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Technology allows physicians to experience pain in real-time

Researchers from the University of Michigan (UM) have developed technology that will help doctors see and map patient's pain in real-time using special glasses for expanded reality.

CLARA's Portable Platform (Extended Clinical Reality and Artificial Intelligence) combines visualization with brain data using neuroimaging to navigate through the brain of a patient while on a chair, a statement released on the UM website on Thursday.

In the study, researchers activated pain by applying cold to the teeth and then used brain pain data to develop algorithms that, in combination with new software and hardware for neuroimaging, predicted pain or absence of pain, about 70% of the time.

The participants were wearing a cap equipped with a sensor that detected changes in blood flow and oxygenation, which measured brain activity and pain reactions. This information was transferred to the computer and interpreted.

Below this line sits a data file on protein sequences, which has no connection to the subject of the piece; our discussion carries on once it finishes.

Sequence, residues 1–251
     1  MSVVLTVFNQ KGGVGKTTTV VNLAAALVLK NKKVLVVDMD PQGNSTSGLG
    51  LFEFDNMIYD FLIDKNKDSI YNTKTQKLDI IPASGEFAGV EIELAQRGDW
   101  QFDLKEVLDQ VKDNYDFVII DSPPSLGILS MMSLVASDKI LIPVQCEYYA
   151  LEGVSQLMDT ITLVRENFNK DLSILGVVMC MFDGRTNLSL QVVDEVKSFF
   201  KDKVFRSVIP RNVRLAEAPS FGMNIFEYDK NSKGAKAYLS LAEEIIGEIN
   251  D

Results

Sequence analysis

With special eye-glasses for expanded reality, researchers in real-time reconstructed brain samples watched the subject's cerebral activity while the subjects were sitting in a clinical chair. The red and blue dots in the picture point to the location and level of brain activity, and this "pain signature" is shown as a mirror on the extended reality screen. The better the signatures learn to read the algorithm, the more accurate the pain will be.

"It is very difficult to measure and express our pain, including her expectation and related anxiety," said Alex DaSilva, associate professor at UM Dental School and director of the Orofacial Labor and Headache Laboratory. "We currently have a one to ten rating system, but it is far from objective and reliable measurement of pain."

The technology was tested in 21 volunteer dental patients. There are years to be used for wide application in the clinical setting, but feasibility study is a good first step for dental patients, DaSilva said.

The study was published in Journal of Medical Internet Research.

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